Disparities in Higher Learning
Policies, practices, and beliefs—rooted in history and yet still affecting people—keep many Black, Latino, Hispanic, and Native American people from receiving the education they need. These systems unfairly hold back students who are seeking a better life. Racial disparities are widening, and inequity will continue to grow without concerted efforts.
Deliberate policies created or contributed to unfair and unjust conditions in American higher education, and it will take focused effort to remove barriers and help Black and brown people realize real opportunity.
These students often attend poorly resourced public schools beset by segregation and financing policies that disproportionately advantage wealthier, mostly white families. These disadvantaged students often do not have access to the same level of college counseling and other services as peers from wealthier homes. This lack of college preparation contributes to stark disparities in college enrollment and graduation rates. On campus, they often do not encounter professors, counselors, and administrators who look like them. Or they don’t receive enough income-based financial aid. Or they face discrimination inside and outside the classroom. Such obstacles can make students feel unwelcome or even lead to a hostile learning environmentn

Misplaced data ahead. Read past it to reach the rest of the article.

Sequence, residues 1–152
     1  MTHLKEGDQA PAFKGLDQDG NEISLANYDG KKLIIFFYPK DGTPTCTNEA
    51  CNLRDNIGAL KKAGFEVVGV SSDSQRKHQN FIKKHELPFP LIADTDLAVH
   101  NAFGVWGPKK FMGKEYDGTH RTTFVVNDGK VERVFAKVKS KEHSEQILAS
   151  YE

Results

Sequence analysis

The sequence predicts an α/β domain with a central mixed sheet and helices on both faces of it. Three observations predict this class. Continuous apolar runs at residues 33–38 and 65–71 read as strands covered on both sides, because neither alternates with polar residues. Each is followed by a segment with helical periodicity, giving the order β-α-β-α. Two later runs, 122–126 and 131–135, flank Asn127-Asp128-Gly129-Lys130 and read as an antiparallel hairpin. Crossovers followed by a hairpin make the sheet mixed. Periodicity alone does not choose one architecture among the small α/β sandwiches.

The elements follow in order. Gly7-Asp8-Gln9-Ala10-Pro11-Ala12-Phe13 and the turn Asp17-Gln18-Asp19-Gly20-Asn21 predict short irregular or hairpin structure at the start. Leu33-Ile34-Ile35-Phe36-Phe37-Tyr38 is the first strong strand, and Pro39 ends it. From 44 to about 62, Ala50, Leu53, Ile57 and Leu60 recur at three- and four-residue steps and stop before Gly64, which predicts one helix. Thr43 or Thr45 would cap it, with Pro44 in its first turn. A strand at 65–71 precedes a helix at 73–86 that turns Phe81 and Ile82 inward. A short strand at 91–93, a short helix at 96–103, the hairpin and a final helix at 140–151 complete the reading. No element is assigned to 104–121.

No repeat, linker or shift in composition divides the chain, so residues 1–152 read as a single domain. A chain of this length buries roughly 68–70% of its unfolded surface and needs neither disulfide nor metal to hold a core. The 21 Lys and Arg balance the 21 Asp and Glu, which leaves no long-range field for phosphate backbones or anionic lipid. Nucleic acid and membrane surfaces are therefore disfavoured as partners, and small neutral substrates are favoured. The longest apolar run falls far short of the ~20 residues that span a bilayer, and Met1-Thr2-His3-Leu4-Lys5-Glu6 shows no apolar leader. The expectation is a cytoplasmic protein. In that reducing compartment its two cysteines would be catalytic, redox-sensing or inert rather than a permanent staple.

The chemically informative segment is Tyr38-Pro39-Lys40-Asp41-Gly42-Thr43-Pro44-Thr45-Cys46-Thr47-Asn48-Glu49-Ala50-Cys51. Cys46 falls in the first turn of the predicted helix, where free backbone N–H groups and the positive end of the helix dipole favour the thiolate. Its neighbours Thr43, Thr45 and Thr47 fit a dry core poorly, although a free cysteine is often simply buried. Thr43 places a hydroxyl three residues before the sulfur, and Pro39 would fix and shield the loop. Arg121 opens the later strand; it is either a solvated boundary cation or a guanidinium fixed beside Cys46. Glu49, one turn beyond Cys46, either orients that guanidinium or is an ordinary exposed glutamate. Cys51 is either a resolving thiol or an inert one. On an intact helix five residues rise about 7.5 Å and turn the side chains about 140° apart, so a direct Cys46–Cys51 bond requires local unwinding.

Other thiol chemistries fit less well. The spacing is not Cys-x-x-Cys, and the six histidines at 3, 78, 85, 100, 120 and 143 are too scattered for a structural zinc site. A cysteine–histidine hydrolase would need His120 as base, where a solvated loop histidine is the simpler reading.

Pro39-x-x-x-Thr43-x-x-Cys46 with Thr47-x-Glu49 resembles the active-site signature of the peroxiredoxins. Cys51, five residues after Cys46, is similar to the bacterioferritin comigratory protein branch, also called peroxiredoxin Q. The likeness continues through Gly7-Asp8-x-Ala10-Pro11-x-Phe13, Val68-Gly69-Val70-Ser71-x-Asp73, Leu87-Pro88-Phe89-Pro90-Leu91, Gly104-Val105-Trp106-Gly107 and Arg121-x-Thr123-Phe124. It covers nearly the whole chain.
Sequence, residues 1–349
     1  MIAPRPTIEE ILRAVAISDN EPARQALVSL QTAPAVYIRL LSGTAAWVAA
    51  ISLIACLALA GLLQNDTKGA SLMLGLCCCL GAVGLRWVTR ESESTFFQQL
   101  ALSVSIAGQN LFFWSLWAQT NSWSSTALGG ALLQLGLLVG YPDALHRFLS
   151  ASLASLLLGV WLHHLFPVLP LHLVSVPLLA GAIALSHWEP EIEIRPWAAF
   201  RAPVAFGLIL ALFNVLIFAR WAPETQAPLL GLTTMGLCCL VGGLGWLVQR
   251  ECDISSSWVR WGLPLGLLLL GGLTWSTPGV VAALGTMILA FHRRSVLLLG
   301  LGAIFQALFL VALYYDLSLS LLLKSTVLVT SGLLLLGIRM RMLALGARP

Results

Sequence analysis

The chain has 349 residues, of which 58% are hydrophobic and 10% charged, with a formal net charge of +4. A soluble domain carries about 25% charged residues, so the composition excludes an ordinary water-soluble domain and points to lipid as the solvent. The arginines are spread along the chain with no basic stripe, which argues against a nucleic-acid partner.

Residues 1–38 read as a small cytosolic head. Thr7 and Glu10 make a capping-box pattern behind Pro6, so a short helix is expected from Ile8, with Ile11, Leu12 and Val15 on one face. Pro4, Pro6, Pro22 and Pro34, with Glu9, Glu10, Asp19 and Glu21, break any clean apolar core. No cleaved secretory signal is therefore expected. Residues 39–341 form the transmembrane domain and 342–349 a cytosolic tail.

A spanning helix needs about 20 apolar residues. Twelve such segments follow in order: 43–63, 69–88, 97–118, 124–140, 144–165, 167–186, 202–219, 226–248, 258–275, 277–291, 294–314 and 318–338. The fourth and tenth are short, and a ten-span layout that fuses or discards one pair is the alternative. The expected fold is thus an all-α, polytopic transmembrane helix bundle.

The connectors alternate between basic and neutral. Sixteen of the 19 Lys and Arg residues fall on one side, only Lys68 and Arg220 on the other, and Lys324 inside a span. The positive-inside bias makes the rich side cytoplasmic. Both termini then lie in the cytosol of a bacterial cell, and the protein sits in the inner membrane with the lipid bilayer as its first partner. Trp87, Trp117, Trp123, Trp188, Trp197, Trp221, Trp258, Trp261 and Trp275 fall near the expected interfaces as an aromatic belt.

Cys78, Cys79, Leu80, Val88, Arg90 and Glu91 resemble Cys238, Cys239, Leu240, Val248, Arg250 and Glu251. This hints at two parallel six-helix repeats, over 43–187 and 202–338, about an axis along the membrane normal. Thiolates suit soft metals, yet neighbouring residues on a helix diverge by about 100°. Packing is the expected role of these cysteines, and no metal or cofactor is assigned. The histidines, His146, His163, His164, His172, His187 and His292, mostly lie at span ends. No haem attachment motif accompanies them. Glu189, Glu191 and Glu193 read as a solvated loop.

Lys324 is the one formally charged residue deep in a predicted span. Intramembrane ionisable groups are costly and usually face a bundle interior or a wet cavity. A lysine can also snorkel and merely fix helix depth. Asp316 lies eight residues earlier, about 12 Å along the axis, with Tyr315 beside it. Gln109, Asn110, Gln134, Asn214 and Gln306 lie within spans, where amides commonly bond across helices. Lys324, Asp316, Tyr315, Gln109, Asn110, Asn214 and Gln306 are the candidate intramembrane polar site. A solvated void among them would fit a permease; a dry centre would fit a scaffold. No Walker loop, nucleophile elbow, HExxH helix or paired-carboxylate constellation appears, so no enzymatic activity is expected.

In response to recent court challenges, colleges and universities must focus on increased recruitment and retention of Black and brown students. This includes making the admissions process fairer, addressing departmental, institutional, and systemwide policies that disproportionately advantage white students. Colleges must take bold steps to ensure that their campuses are racially, ethnically, and culturally diverse. This includes revising hiring and selection practices to ensure that they have a faculty and staff that reflects the diversity of the surrounding community. Colleges also should provide mentoring programs, childcare, counseling services, and financial aid.
Even amid serious skepticism, education and training after high school remain among the most secure pathways to economic stability. Even so, the country today needs a learning system that works well for everyone.
At Lumina Foundation, we work with partners across the country to ensure that colleges, universities, and other education providers make opportunity real for students of color, students who are the first in their families to go to college, students from low-income families, and working-age adults.
We believe change starts with explicitly addressing the role that race and racism play in perpetuating unjust educational outcomes. With every passing day, we realize we can—and must—do more to lift our voices and elevate our actions on behalf of people who have long been prevented from realizing their true potential.